Rand Paul: Facebook Will Have to Convince Conservatives It's Not the Enemy If It Wants to Stay Profitable

Sen. Rand Paul, R-Ky., speaks during an event at the University of Chicago's Ida Noyes Hall in Chicago on Tuesday, April 22, 2014. (AP Photo/Andrew A. Nelles)

Facebook is reeling after the New York Times released an article pointing to its lack of action against alleged Russian interference in the 2016 election and pegging George Soros with funding anti-Facebook rhetoric, and as a result, is watching its stock tank.


According to CNN, Sen. Rand Paul (R-Ky.) has a solution for Facebook if it wants to remain profitable, and it’s essential to stop discriminating against conservatives, which it will have to do on its own as a privately owned company, and without the force of government.

“It’s a privately owned company,” Paul told CNN on Thursday. “Most times, conservatives, we don’t want to over-regulate private businesses, but they do have sort of a monopoly on this sort of social exchange in speech.”

“So, what I’ve been saying for a while is that we need to look at the barriers to entry that government might be creating,” Paul continued.

“I think if it gets so bad that they don’t allow conservative viewpoints on Facebook, I think you will get to a point where people will leave in droves,” Paul said. “So Facebook, if they want to keep making money, are going to have to convince conservatives that they’re not the enemy.”


People already are leaving Facebook, or at least beginning to split their time between up and coming social networking sites such as Minds.com, which relies more on user donations than business ad dollars to keep running.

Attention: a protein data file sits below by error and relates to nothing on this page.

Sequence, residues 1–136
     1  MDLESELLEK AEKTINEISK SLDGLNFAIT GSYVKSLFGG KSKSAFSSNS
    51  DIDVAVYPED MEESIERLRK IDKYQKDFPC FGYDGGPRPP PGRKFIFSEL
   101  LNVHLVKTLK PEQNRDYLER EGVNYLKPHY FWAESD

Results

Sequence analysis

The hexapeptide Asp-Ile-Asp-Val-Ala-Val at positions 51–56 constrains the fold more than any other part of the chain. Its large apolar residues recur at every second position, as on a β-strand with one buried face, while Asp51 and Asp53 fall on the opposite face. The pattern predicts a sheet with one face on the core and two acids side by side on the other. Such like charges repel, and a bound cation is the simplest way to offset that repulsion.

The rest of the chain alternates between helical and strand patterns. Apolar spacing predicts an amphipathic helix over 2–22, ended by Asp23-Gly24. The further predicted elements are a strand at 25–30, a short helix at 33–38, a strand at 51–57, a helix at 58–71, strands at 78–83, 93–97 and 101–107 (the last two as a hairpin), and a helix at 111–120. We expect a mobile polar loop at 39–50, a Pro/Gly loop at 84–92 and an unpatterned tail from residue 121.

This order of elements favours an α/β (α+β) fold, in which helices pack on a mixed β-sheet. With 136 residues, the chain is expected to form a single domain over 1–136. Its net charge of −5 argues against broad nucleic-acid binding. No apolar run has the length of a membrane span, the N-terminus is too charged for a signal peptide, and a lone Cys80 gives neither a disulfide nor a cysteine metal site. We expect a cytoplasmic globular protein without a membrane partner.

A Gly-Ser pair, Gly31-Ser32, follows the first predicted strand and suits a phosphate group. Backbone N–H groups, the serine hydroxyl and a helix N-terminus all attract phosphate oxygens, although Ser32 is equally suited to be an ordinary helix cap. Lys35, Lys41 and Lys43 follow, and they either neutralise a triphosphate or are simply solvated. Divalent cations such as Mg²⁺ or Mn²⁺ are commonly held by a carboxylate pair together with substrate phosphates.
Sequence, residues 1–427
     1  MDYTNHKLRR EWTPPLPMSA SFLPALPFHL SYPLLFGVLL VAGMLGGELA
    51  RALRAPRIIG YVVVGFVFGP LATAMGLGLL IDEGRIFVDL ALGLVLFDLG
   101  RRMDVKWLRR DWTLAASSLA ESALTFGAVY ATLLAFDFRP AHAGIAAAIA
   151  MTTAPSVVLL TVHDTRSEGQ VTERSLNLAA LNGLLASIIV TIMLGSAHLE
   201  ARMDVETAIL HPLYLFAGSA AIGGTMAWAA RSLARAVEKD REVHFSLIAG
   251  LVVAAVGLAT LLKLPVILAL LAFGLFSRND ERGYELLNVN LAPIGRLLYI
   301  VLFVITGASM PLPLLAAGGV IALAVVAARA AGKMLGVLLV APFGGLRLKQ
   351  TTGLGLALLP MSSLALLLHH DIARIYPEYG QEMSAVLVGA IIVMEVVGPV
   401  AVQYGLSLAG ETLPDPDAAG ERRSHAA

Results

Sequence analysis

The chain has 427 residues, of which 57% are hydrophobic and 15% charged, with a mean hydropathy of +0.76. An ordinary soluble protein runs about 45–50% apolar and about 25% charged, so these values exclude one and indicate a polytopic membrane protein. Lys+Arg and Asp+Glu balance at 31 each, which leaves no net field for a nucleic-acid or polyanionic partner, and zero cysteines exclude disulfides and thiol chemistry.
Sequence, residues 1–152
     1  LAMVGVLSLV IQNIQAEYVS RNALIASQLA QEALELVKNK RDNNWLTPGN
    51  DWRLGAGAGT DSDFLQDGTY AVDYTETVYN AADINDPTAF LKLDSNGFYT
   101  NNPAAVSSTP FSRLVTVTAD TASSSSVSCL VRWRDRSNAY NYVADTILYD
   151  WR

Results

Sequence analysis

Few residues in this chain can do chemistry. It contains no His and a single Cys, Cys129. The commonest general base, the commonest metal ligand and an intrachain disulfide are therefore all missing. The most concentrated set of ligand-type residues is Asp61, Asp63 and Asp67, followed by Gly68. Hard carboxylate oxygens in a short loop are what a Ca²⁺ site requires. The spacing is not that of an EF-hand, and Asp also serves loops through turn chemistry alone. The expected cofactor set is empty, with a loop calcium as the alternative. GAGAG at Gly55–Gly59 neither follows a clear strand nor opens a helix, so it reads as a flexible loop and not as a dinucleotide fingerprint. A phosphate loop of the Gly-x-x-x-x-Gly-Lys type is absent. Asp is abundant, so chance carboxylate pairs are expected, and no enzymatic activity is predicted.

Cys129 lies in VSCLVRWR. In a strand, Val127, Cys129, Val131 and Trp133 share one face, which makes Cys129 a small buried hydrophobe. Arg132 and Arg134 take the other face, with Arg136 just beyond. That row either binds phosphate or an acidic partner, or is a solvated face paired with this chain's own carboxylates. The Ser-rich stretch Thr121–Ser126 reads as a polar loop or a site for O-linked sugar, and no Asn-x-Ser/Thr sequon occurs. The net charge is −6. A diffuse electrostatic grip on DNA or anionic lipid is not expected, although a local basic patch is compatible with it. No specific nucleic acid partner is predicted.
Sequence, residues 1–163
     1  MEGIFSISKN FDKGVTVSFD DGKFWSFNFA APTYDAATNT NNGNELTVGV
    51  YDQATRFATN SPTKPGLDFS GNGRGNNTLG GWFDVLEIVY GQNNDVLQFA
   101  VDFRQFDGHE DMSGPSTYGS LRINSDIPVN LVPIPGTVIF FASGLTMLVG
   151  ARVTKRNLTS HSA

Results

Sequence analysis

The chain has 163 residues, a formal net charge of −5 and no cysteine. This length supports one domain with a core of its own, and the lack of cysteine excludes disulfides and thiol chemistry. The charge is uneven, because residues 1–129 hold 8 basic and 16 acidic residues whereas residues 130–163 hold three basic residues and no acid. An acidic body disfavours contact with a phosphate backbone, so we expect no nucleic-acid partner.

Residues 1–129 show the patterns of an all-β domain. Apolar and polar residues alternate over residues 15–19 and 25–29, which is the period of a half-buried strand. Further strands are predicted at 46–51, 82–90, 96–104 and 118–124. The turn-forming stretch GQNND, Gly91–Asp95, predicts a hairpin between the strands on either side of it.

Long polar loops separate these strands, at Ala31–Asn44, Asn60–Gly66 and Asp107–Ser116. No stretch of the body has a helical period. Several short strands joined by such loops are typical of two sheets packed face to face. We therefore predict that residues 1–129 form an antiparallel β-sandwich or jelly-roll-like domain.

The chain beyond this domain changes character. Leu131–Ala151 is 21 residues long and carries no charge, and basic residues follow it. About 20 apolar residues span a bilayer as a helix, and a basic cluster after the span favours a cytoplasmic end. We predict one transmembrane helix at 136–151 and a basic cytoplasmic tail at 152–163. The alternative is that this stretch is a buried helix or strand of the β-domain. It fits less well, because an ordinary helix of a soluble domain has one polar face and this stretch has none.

Conservatives and others on the right have every reason to move there as well. Facebook is notorious for censoring or even punishing conservatives on their platform. Former Facebook employees have confessed to suppressing news friendly to conservatives so that the general populace didn’t see it.


Furthermore, according to The Hill, the social media corporation ousted a top exec for donating to an anti-Clinton group.

These are just a couple of examples of Facebook’s bias against the right, and more seem to reveal themselves as time goes on. This isn’t necessarily surprising, as, by Zuckerburg’s own admittance, there is a massive bias in Silicone Valley against the right. While the billionaire CEO says there is no directive to target conservatives, it’s clearly happening, and the right isn’t pleased.

However, Paul is right in his thinking that in order to broaden its base, the people at Facebook will have to become far more accepting of ideas they may find disagreeable.


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